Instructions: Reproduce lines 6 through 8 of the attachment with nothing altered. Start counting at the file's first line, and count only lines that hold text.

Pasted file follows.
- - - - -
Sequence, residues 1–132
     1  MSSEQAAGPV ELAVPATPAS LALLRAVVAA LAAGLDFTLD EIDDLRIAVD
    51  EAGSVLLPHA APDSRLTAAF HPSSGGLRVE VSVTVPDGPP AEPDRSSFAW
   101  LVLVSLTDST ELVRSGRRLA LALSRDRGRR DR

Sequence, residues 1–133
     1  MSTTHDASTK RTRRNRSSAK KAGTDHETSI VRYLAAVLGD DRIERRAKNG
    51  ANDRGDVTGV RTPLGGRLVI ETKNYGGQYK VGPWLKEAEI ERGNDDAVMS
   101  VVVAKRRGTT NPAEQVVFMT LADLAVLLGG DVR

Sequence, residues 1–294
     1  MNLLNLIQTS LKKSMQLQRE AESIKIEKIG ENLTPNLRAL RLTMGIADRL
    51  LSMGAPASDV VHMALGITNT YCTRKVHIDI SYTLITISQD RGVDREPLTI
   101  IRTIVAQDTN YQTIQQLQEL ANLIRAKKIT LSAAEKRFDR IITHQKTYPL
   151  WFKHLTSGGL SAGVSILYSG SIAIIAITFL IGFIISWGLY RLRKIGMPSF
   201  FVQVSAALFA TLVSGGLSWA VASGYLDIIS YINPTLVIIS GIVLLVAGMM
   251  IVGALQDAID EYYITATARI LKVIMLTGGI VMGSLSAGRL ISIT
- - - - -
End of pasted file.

     1  MSTTHDASTK RTRRNRSSAK KAGTDHETSI VRYLAAVLGD DRIERRAKNG
    51  ANDRGDVTGV RTPLGGRLVI ETKNYGGQYK VGPWLKEAEI ERGNDDAVMS
   101  VVVAKRRGTT NPAEQVVFMT LADLAVLLGG DVR